So...Classic Bitch just can't win here, folks! Here is a novel with an extensive introduction that I should have read prior to reading this book itself. But, as you know, I've sworn off doing that because I've gotten burned by spoilers in the foreword. Let me tell you, for a book written over 100 years ago...I could've used a few spoilers! Mea culpa 100% here, but the weather has been beautiful and I've been lazing. Given the climate and my disposition, it becomes doubly unfortunate that the culture and time gulfs that exist between me and Kim make the effort to comprehend this book simply too Herculean. CB isn't up to the task, I suppose. So I think I'll come up with a new rule for myself: Only read front matter first in books you anticipate being obtuse; otherwise read it last. In my defense though, nearly as daunting as the comprehension of the plot is the task of reading the introduction itself. It is 45 pages in length. In keeping with this, there are 20 pages of footnotes that correspond to hundreds of superscripted numbers littered throughout Kim. Record is set when I run across 16 on a single page alone. I promptly give up furiously riffling to the back of the book at each footnote, which doesn't do my comprehension of the plot any favors, as you might imagine.
OK so all excuses aside, what can I tell you about Kim? Kim is the story of a teenage Caucasian boy who is orphaned in India and grows up rather "native-style." The book recounts the multifarious parts of fin-de-siecle India by representing them as different aspects of Kim's self. He is at once disciple to a holy man, British private school boy, and spy for the Empire! What can't I tell you about Kim? I can't tell you why every character, bar none, refers to a train as "the te-rain" (italics, definite article, and hyphenation all Kipling's). I can't tell you if the main character even lives or dies at the end of the book (and it's not because I don't want to tell you). I can't tell you why Kipling starts off every chapter with a verse of his own, seemingly from previous compendia of his own poetry (talk about the height of self-reference and ego)! Yeah, I can't tell you why he does this, butKipling's ego asideI can share some of the poetry with you, as it is my favorite part of the entire book.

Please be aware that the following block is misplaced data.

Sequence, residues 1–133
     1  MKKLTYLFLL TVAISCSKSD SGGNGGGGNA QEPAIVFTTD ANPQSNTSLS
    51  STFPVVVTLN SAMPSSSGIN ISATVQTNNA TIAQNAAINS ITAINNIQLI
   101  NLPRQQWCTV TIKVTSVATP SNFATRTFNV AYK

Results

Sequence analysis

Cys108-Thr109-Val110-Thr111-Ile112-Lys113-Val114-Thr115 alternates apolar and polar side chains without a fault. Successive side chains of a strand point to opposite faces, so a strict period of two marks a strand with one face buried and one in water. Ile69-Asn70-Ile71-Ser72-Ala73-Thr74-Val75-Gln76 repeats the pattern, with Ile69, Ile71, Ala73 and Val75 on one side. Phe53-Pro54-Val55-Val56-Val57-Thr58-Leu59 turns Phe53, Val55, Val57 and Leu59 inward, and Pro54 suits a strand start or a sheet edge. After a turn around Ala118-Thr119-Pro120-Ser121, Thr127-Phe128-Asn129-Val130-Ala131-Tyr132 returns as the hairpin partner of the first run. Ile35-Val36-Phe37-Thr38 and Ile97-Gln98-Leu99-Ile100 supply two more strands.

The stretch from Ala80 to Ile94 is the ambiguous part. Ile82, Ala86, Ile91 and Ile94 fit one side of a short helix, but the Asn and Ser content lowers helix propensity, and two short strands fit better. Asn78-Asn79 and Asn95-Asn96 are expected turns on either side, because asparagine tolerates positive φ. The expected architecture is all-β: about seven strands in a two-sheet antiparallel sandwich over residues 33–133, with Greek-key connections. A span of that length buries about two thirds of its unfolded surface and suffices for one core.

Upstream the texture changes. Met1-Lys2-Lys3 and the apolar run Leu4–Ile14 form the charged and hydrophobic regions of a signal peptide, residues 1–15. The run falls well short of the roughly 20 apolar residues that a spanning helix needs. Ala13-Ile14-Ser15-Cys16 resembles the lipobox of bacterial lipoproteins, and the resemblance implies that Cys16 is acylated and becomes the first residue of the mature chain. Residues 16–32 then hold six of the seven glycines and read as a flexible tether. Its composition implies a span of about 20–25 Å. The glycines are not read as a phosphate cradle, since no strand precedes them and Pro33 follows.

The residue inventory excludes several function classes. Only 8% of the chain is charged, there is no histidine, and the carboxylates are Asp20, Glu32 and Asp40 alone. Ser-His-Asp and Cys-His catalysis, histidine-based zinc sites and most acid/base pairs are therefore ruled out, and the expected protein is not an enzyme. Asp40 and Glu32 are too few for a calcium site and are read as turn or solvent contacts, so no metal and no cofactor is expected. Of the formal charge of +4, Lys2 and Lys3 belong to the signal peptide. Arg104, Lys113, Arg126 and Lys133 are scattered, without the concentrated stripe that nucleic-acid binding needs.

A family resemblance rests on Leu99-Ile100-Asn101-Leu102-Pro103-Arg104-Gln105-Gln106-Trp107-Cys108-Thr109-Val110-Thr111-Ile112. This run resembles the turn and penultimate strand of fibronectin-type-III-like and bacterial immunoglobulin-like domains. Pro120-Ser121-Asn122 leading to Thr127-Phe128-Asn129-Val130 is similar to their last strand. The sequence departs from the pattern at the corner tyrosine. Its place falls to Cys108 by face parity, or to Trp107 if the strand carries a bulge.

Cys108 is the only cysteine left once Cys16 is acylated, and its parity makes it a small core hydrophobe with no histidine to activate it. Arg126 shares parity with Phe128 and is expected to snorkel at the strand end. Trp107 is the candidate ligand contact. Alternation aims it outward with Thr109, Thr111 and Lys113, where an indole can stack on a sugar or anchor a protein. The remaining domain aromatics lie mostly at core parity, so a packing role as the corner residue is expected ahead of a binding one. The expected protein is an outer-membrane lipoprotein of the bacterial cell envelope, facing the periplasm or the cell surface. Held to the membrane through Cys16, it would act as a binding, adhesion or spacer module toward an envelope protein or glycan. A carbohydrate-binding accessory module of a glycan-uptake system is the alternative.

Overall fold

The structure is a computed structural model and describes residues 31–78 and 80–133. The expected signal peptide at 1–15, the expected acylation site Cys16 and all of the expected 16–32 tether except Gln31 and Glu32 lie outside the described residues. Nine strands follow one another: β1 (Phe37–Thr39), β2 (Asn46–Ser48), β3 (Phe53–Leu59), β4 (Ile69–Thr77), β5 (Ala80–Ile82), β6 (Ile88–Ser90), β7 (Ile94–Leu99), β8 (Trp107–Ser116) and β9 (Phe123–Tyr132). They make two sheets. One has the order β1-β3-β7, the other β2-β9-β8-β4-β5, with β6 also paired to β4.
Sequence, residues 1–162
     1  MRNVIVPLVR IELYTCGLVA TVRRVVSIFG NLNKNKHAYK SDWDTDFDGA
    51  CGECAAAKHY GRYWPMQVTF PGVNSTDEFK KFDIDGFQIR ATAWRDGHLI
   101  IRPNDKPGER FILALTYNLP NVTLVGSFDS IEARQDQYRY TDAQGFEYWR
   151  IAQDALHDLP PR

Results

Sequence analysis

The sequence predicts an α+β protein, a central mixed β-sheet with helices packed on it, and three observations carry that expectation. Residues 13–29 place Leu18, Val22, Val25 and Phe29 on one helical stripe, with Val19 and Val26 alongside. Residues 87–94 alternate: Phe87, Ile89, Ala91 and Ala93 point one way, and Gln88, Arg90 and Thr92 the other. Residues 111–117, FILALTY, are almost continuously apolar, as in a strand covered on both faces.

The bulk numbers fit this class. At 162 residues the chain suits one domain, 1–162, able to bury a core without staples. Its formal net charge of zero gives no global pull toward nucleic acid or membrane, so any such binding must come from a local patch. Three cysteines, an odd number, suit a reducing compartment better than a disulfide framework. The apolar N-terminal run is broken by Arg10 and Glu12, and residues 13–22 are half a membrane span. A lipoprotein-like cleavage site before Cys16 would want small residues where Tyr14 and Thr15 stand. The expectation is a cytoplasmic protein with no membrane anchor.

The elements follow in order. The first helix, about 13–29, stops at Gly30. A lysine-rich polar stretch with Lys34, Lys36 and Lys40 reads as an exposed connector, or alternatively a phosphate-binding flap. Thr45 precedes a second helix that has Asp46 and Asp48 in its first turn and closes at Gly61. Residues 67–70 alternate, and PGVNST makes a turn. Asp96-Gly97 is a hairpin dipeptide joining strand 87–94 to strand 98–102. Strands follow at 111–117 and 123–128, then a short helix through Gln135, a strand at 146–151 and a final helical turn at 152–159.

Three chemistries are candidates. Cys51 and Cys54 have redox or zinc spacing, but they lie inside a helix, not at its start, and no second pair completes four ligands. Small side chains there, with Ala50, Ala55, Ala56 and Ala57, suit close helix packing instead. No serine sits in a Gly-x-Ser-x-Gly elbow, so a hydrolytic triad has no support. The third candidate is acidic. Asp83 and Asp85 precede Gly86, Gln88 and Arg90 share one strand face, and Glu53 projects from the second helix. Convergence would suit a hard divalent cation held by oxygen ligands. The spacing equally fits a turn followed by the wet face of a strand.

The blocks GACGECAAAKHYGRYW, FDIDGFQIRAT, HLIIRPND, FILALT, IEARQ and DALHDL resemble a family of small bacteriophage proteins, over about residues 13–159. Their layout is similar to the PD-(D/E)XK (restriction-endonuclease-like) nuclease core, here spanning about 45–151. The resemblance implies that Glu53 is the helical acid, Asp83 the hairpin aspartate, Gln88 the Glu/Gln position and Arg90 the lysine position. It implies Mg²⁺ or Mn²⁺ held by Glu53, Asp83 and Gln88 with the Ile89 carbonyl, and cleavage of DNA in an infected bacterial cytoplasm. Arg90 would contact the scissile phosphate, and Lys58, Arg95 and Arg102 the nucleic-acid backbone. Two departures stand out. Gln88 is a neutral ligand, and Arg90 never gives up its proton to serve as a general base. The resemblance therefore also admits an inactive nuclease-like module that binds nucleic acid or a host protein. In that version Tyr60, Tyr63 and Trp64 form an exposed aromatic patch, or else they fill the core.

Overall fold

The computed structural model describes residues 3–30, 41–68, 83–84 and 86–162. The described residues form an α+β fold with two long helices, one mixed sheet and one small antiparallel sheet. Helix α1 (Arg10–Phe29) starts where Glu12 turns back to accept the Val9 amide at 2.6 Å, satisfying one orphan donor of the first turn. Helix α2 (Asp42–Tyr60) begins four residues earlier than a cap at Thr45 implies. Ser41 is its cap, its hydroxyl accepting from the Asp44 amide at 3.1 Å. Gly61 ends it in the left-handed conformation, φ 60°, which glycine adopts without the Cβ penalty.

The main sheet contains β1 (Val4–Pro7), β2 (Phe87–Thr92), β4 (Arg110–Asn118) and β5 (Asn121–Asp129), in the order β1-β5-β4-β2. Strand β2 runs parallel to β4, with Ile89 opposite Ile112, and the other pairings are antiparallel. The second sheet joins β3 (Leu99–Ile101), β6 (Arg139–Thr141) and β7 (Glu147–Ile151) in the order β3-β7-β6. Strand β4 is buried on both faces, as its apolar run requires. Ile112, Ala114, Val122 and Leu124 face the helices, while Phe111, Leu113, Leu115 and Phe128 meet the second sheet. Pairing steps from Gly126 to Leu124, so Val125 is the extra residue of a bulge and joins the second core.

From: The Two-Sided Man
Something I owe to the soil that grew
More to the life that fed
But most to Allah Who gave me two
Separate sides to my head.
I would go without shirts or shoes
Friends, tobacco or bread
Sooner than for an instant lose
Either side of my head.
From: The Sea and the Hills
Who hath desired the Seathe sight of salt water unbounded?
The heave and the halt and the hurl and the crash of the comber
The sleek-barrelled swell before stormgrey, foamless, enormous, and
Stark calm on the lap of the Lineor the crazy-eyed hurricane blowing?
His Sea in no showing the samehis Sea and the same 'neath all showing
His Sea that his being fulfils?
So and no otherwiseso and no otherwise hill-men desire their Hills!
Who hath desired the Seathe immense and contemptuous surges?
The shudder, the stumble, the swerve ere the star-stabbing bowsprit emerges
The orderly clouds of the Trades and the ridges roaring sapphire thereunder
Unheralded cliff-lurking flaws and the head-sails' low-volleying thunder?
His Sea in no wonder the samehis Sea and the same in each wonder
His Sea that his being fulfils?
So and no otherwiseso and no otherwise hill-men desire their hills!
Anyway, two final thoughts. One is: I feel bad about exerting such a paltry effort to read and understand Rudyard Kipling. After all, he's a fellow Vermonter! Second thing is: I fear that my new rule about forewords and introductions will serve me well pretty quickly...judging from the next book on the list. Look out front matter here I come! And for every other book's sake on this list, I hope I do it better justice than Kim. Sorry, Mr. Kipling.